For this church:
Features and Fittings
According to Pevsner, Teversal is ‘one of the most rewarding village churches in the county, chiefly because of the exceptional completeness of its 17th century furnishings. When the tenets of Protestantism changed the form of worship at the Reformation, St Katherine’s installed a two-decker pulpit along with boards displaying the Lord’s Prayer, Creed, and Commandments, turning it into a prayer-book church – one of a small number in Nottinghamshire; Winkburn and Tithby being other examples.
Other features of interest include an elaborate Squirrel (Squire’s) pew with panelled tester and barley sugar shafts, box pews, gallery and a Norman font.
The altar table is made of oak and, according to information displayed in the church, it dates from about 1660. The top measures 78 cm x 125.5 cm and is made of four wide boards. The table is 79.5 cm high and it stands on top of three tiered steps. The sides are open so that the three round column legs are visible. A band just under the table top and a band (stretcher) low down between the table legs both have a band of guilloche ornament (a carved pattern of interlinked circles with a flower motif in the larger circles). A member of the church volunteered the information that Worksop Priory has a similar altar table.
A shelf immediately behind the altar is in the same wood and has the same carved design and a brass plaque with the following inscription:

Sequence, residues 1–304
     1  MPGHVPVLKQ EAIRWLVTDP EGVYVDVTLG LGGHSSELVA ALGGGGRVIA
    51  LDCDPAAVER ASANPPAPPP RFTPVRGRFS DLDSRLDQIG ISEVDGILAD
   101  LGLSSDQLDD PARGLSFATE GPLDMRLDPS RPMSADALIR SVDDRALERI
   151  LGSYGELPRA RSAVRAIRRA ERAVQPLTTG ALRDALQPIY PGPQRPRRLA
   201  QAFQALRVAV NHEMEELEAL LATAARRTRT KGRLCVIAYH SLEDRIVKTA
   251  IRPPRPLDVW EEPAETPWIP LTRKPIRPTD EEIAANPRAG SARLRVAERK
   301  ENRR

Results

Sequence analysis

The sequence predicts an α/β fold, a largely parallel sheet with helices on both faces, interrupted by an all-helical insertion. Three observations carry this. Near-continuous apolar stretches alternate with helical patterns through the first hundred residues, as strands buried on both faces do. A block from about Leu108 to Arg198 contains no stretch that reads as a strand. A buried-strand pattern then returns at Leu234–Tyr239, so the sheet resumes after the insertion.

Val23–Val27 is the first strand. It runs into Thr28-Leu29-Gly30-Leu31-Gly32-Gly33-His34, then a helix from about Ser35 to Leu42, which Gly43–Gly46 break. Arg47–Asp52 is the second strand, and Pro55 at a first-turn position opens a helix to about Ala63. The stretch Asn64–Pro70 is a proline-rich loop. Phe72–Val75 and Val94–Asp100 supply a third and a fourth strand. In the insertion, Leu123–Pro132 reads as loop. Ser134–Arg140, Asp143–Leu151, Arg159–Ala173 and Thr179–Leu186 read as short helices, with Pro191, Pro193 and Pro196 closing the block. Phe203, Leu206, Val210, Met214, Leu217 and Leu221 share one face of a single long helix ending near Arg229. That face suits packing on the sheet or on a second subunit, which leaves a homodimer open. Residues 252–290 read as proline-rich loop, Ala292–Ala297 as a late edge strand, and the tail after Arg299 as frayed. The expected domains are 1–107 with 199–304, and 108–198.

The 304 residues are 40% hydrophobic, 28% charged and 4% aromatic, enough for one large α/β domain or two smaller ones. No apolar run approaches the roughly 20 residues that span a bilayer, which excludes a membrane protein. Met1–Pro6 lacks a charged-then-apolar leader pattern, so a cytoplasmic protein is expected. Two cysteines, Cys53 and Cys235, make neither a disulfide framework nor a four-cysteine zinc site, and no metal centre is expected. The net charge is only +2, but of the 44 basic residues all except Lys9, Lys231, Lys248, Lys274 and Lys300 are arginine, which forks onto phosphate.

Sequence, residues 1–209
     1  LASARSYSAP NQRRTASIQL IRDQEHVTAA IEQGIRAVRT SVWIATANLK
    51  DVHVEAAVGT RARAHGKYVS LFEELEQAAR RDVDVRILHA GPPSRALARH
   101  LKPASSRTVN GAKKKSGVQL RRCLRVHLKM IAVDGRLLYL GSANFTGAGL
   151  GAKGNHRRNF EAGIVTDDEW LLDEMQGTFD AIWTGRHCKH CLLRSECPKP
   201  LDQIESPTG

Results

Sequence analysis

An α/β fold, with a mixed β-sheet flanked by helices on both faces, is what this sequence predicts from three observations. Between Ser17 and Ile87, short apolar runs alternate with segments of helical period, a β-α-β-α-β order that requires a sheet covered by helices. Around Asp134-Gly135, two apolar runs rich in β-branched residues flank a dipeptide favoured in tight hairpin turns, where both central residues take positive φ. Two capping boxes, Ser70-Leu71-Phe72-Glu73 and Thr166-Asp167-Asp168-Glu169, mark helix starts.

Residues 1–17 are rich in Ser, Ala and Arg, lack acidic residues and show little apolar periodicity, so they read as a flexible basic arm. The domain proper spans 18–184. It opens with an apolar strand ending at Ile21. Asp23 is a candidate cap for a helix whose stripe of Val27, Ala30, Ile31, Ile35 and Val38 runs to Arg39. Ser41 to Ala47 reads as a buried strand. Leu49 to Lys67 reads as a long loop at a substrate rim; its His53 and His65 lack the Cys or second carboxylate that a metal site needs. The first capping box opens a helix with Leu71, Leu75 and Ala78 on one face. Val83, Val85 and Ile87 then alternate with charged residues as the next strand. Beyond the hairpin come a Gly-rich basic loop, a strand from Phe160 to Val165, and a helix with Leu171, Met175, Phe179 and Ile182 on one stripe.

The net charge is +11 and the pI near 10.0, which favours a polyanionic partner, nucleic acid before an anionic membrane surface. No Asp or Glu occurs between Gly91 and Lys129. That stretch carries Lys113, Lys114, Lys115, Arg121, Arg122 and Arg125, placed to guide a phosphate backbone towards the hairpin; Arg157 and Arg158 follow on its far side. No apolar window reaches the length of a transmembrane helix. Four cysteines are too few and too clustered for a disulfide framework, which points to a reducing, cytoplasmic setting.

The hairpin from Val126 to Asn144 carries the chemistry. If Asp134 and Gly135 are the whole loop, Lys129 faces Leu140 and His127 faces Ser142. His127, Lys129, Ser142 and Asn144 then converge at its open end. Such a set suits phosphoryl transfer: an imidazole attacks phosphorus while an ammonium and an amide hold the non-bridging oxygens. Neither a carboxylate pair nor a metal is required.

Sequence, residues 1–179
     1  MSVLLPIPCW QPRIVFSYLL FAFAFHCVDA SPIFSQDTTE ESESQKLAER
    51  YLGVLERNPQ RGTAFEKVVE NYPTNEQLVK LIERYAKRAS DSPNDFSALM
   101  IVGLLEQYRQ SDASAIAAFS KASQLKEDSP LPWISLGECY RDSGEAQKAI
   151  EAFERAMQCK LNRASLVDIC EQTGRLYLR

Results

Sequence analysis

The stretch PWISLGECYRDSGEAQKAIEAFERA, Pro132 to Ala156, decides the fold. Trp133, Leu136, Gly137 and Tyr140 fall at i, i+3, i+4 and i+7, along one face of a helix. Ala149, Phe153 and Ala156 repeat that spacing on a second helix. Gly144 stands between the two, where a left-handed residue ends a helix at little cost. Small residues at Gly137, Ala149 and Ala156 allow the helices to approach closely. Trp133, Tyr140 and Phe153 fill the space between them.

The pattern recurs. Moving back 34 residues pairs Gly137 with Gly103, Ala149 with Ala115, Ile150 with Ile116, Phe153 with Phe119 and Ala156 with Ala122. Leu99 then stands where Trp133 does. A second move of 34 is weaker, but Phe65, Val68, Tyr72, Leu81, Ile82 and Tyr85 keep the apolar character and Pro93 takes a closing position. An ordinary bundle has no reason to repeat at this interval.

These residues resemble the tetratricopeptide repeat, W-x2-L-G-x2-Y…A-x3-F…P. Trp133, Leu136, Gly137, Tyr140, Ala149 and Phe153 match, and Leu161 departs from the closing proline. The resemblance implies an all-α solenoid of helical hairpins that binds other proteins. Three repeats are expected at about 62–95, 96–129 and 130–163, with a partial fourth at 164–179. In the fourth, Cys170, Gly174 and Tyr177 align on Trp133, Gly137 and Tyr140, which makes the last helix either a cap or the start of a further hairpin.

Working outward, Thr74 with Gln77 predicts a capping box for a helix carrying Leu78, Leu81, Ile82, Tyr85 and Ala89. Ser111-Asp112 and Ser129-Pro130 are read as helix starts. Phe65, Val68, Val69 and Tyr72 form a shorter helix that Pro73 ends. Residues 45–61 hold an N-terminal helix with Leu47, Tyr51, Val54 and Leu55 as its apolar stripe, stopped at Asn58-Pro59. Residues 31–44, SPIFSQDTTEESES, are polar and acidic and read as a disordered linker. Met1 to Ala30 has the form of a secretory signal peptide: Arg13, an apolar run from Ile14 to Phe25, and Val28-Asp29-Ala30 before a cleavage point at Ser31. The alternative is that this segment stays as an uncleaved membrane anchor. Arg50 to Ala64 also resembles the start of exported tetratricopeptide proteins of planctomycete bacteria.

In the sanctuary, on the north side of the altar, stands a small, dark coloured oak table measuring 53 cm x 93 cm and 76 cm high. The top is made of two boards. It has turned column legs and a plain stretcher (probably a later addition) at the bottom of the legs. The table appears to be 17th century.
Chairs in the Sanctuary
Two Victorian chairs of similar design stand in the sanctuary, one to the north and one to the south of the altar. The backs are 105 cm high at the tallest point. The backs are carved with barley twists and patterns of foliage. The legs are turned and carved with patterns of flowers and foliage. The stretchers are carved with a similar foliage pattern to the back but the back of the chair back, which is placed against the wall, is not carved but is left flat. Both chairs have been re-upholstered in red.
Also on the south side of the altar is a large, carved oak chair referred to as ‘the Bishop’s chair’. It is 166 cm tall at the tallest point. The back has a plain central panel but down the sides bands have been carved in the same pattern as the bands on the altar table. At the top is a panel carved with oak leaves and acorns. Columns at the sides of the chair back have geometric carving and each has a cross at the top. The legs have the same geometric pattern. The feet and hand rests are carved and the front of the chair has flower motifs. The modern upholstery is red. On the front of the chair are two inscribed brass plaques:
The second reads:
The chair was made by local resident Thomas Weston who said that the design came to him in a dream. It took over one year to make from Hardwick oak, and was dedicated on 4 September 1960 by Bishop Anthony Otter.